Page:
Working with charities is a great way to increase your travel agency's name recognition while doing positive things for your community.
Still, even the most altruistic travel agent has to ask: "Where's the pay-off?"
Believe it or not, some agents do reap profits, directly and indirectly, from working with charitable organizations.
Travel Market Report spoke with several agents about their experiences developing relationships with charitable organization and the potential of earning extra business in the process.
Scott Kertes got started a few years ago when a colleague told him that Bern Nadette Stanis, the actress who played Thelma on the CBS sitcom “Good Times,” wanted to arrange a cruise to raise money and awareness for Alzheimer’s disease.
Kertes, owner of Hartford Holidays, an Ensemble agency in Garden City, N.Y., has since moved beyond making company donations or contributing to fundraising auctions.
He now sets up lucrative group cruises for charities’ top donors.
A charitable model
These ventures have opened the door to another business model, according to Kertes. The charity gets a percentage of the ticket sales, while he makes a sizeable commission from the bookings.
Kertes has worked with various charities, including Broadway Cares/Equity Fights AIDS. He’s now arranging an August 2015 cruise aboard Royal Caribbean’s Grandeur of the Seas for the American Autism Association.
Kertes dismissed the notion that non-profit organizations are reluctant to partner with travel agents.
“Charities, big and small, are hungry for money,” he said. “If you can put together proposals that clearly outline the benefits to their organization, chances are they’ll be interested.”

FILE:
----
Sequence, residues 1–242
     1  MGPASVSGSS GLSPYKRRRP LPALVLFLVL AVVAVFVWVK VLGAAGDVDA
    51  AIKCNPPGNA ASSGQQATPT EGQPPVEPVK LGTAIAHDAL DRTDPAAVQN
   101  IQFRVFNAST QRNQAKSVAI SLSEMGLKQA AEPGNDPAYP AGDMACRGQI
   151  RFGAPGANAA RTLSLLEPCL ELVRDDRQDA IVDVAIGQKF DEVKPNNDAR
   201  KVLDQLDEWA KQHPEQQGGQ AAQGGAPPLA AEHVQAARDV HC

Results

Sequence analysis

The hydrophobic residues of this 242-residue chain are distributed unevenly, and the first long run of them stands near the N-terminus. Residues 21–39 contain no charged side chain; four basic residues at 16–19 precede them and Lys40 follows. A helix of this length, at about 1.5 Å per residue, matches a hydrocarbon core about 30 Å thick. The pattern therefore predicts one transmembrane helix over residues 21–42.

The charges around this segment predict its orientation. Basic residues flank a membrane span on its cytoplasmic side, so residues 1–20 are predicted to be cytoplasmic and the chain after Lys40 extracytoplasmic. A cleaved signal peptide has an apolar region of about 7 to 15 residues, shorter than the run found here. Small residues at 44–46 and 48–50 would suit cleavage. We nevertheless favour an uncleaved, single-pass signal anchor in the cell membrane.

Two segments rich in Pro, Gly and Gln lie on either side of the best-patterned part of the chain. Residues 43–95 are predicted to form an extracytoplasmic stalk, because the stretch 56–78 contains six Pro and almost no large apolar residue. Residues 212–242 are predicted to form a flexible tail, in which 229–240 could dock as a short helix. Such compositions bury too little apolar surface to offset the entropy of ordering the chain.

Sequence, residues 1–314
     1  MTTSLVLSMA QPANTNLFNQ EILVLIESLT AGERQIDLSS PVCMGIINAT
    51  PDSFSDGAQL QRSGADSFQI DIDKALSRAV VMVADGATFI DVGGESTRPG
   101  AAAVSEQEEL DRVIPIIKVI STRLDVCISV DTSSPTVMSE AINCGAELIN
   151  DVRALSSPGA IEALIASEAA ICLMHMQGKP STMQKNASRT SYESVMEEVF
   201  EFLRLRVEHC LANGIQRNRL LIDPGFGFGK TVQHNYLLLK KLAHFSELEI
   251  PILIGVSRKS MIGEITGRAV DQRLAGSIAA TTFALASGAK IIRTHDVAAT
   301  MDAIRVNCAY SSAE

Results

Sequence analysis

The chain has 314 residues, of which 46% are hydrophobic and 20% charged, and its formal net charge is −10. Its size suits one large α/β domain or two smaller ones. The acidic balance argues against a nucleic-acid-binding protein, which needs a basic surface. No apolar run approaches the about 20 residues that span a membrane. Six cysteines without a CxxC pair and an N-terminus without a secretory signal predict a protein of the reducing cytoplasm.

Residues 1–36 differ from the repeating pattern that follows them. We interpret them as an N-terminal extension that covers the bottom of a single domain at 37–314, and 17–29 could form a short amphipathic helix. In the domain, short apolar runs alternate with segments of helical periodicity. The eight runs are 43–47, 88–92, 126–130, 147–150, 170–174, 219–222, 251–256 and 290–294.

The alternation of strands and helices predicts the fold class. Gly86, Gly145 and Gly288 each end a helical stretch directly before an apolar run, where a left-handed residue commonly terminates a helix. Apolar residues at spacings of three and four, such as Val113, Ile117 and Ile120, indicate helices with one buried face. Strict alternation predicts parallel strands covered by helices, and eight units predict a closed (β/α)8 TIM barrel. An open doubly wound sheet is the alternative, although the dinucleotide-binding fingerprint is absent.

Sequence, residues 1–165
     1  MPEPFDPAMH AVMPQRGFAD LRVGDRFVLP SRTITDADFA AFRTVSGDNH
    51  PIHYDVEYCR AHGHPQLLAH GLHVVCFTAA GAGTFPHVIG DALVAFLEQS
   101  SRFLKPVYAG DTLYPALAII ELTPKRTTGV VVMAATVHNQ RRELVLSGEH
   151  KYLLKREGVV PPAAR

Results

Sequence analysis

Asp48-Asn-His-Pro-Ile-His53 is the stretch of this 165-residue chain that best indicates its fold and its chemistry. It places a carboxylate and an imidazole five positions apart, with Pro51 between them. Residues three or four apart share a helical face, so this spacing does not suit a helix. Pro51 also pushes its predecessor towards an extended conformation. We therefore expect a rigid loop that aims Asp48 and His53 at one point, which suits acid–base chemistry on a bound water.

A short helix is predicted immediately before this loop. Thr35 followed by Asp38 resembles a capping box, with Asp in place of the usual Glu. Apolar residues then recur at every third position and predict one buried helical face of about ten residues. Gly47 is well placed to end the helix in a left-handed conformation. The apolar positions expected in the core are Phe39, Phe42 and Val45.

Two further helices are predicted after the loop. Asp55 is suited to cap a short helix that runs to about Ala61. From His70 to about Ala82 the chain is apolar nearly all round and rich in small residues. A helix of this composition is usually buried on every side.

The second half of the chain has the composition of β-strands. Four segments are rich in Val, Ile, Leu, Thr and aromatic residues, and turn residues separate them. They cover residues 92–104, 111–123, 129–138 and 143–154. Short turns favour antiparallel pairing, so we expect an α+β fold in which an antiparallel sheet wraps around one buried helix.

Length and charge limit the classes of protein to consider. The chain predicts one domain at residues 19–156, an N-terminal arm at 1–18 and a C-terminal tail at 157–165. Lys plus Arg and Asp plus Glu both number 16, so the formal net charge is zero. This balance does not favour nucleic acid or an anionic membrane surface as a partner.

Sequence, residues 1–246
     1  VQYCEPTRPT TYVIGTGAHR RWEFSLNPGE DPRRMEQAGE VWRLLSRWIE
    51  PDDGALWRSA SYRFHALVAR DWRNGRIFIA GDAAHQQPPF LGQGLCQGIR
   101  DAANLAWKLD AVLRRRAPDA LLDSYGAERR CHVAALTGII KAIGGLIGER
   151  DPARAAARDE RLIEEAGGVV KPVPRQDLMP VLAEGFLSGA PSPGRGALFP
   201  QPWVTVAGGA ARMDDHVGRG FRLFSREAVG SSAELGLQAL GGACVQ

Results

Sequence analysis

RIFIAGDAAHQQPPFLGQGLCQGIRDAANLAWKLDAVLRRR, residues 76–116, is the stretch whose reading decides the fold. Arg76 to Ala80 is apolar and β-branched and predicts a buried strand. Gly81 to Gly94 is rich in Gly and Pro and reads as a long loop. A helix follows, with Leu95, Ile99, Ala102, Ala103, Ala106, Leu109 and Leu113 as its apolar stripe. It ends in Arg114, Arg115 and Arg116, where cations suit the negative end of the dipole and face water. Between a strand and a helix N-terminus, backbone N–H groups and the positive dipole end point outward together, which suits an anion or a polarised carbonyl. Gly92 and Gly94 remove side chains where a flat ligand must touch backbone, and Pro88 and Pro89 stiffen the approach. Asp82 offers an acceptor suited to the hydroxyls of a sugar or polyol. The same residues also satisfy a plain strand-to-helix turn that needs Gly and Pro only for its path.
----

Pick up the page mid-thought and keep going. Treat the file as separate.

Work directly with non-profit donors
A major benefit of setting up group fundraising trips for charities is that agents can often tap into lucrative donor lists.
Kertes noted that the American Autism Association, like many large non-profits, has “a huge network of donors across the country,” and he can potentially “tap into their list of donors” for prospective clients.
Robert Romano, CTC, owner of Fugazi Travel, an Ensemble agency in San Francisco, pointed out that some charities will not release their donor list to interested agents.
“It has to be a mutually beneficial situation,” said Romano.
Introducing clients to charities
For Ansley Thomas, working with charities is an important part of serving upscale clients who increasingly want their expensive vacations to be meaningful as well as enjoyable.
“They want to immerse themselves in a culture,” said Thomas, the Atlanta-based founder of ATLAS, an independent affiliate of Century Travel, a Virtuoso agency. “They want to learn as much as possible about a community.”
To best serve her clients, Thomas carefully researches charitable organizations. “I’m not going to work with a charity that only gives one-third of its proceeds to the running of the charity,” said Thomas.
Corporate philanthropic programs
Many agents, however, help plan philanthropic travel without making any money for their efforts.
Just as Ansley Thomas works with charities to benefit individual clients, Kathy Burns Lamphier, owner of Posh Travel, a Virtuoso agency in Greenland, N.H., helps corporate clients serve their charities.
Lamphier organizes travel for one company, which takes more than two dozen people each year to help handicapped children in Africa.
“We don’t charge a commission or extra fees,” said Lamphier. “It’s a lot of work, but we do it as a courtesy.”
Lamphier’s hard work also helps keep a valuable corporate client.